The film vividly entreats us to visit this village not through the eyes of the vampire, as do the studio's series of Dracula films starring Christopher Lee and the Karnstein Trilogy of more recent vintage, but instead through the eyes of the vampire hunters. In particular, the entry point into Kronos' universe is clearly the raven-tressed Carla, who over the course of the narrative becomes the hero's lover. Munro, just 24 at the time of filming, oozed sex appeal in every scene she was in, to the point one wonders who could resist her charms! Carson's Dr. Marcus also provided the questions that Kronos and Grost could answer about vampirism, with he in turn providing them information about the village and its denizens. He pays the price for his own investigations, but he doesn't look quite so delicious as Munro when doing so.

Oh, Kronos will have her, all right. Caroline Munro in all her glory.
Once explanations are granted, the story really gets moving, with more grisly deaths due to old age, with bosomy young victims reduced to made-up old hags. This is a Hammer Film, after all! In the middle of the action Clemens introduces Shane Briant (then groomed to be "the next Peter Cushing") and Lois Daine as Paul and Sara Durward, son and daughter of a family whose deceased patriarch, Hagen, was "The Greatest Swordsman of His Time" according to his gravestone. (Pretty nifty to throw that into a film about a swashbuckling vampire hunter, no?) Their mother, Lady Durward (Wanda Ventham), is apparently in ill health and seldom interacts with any outside her kin. Could those kin be keeping a secret...?

The Durwards, with dear old dad in the painting behind them.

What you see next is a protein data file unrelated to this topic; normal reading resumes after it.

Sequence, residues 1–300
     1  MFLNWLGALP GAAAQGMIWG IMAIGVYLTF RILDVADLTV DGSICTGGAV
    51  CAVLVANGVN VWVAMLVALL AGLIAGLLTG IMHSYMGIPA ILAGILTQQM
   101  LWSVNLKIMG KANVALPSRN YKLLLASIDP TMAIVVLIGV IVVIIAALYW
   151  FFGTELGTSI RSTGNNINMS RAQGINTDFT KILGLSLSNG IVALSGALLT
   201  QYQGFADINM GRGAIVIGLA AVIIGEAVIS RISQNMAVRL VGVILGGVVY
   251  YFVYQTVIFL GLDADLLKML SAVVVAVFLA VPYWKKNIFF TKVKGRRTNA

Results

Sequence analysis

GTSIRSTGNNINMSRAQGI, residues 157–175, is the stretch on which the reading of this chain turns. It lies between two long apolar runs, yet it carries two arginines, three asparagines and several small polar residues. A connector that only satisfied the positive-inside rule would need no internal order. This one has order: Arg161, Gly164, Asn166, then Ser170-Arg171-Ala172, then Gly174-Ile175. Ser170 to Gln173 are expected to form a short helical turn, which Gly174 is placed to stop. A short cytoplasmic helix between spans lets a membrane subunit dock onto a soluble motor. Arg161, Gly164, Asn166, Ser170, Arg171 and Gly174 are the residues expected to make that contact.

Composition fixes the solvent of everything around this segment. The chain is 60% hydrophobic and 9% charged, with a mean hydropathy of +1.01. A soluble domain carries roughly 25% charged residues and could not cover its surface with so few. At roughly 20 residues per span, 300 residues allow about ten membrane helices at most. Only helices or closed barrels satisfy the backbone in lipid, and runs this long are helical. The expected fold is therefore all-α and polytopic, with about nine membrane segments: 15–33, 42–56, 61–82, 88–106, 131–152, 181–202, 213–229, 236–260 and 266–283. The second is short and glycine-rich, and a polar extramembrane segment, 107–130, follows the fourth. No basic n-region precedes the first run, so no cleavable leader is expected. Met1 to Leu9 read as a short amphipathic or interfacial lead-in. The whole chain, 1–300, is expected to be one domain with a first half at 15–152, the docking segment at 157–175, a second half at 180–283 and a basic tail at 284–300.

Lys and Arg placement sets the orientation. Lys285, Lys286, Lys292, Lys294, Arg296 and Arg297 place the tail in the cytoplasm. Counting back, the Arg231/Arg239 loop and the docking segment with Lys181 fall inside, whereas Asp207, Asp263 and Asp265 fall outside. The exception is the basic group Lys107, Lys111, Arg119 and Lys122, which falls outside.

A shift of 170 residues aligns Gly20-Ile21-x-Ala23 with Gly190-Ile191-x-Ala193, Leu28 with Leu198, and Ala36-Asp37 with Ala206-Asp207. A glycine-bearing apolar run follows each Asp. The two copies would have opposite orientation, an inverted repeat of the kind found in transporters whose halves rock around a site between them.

Clemens admirably texturizes the film, with Grost's unusual tests that prove a vampire is in their midst as well as Kronos' bedroom confessions of why he began hunting. The film's inarguable centerpiece is a remarkable, deliciously campy sequence in which Marcus discovers that he has become one of the life-sucking vampires Kronos seeks. Kronos subdues his friend and then he and Grost elaborately try to kill him. They impale him with a wooden stake. They tie a noose around his neck and hang him. They threaten to set him on fire. Isn't this fun?

John Carson's Dr. Marcus, shortly after he finds out the ugly truth.
Eventually, of course, they find out how to kill him (and it suddenly all makes sense why the hero is good with swords). With one mystery solved at last, Kronos sets off to find the master vampire, whom he suspects has a connection with the Durwards. Simply put, the connection isn't quite what any of the characters believed, and the revelation of the vampires behind it all leads to an epic (by Hammer standards) swordfight between Kronos and the main antagonist. At the end, the good Captain triumphs, kisses his girl Friday farewell, and rides off with Grost in tow toward another thrilling adventure.

Who's this? You'll have to watch the movie to find out...